The Museum of Modern Art (MoMA) Black Arts Council celebrated its 30th anniversary by honoring artists at a sold-out benefit at the museum on Monday.
The Black Arts Council is a group of museum patrons, philanthropists, collectors, and art enthusiasts focused on raising the visibility, access, and appreciation for art and artists of the African diaspora at The Museum of Modern Art. It is one of several affiliate groups at the institution and was initially designed as “an audience development effort.”
It was created in 1993 and originally named The Friends of Education by co-founders Dr. Akosua Barthwell Evans, Agnes Gund, and David Rockefeller Jr.
Alvin Hall, current chair of the Black Arts Council, welcomed benefit guests “united and sustained by the sheer love and conviction” of uplifting artistic voices.
“On the occasion of our 30th anniversary, I’m proud to invite guests to a rare opportunity to join us for an evening that convenes and celebrates the Black artists who shaped the history—and evolving legacy—of the Black Arts Council at MoMA,” said Hall.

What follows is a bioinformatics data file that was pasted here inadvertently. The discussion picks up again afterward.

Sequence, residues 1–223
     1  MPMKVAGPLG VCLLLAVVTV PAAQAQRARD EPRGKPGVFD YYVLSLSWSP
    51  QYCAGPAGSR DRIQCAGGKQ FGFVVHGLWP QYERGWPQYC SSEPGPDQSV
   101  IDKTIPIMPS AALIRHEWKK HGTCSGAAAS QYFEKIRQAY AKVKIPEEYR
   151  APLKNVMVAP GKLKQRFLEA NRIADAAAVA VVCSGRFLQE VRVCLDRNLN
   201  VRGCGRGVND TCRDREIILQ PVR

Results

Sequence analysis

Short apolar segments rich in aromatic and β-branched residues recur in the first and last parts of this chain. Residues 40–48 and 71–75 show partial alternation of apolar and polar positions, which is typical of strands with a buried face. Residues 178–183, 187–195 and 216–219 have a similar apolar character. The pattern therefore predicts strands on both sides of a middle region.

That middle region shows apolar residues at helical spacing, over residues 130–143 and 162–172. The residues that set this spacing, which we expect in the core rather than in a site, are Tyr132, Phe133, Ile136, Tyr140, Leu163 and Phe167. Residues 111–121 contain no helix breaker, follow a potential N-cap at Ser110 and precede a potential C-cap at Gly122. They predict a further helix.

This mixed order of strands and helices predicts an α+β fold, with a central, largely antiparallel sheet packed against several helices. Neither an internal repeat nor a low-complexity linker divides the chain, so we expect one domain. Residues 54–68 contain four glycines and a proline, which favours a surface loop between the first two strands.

“Art is a journey that manifests itself in so many different ways,” Hall continued.
“Imagination and intellect and intuiting, that’s where creativity comes from,” he told the guests seated around ranunculus and peony centerpieces and votive-covered tables in the atrium.
The event raised $500,000, with tickets beginning at $1500. Ticket holders wearing sequined blazers, floral gowns, and cherry red horn-rimmed glasses applauded as Hall announced their raised figures.
Attendees include Leon, Smooth Nzewi, Julie Mehretu, Black Thought, Cierra Britton, and Nikki Kynard. Honorees included Kara Walker, Carrie Mae Weems, Charles White, Kerry James Marshall, and Latoya Ruby Frazier. Guests were also treated to an acoustic performance from Grammy-winning jazz vocalist, Samara Joy.
“As we remember our evolution in this milestone year, I’m thrilled to welcome our founding supporters and vital collaborators—those visionaries who heralded our vital mission at MoMA and who continue to invest in the cultivation, inclusion, and preservation of Black art and artists in the canon for generations to come,” said Hall.
Learn more about the Black Arts Council here.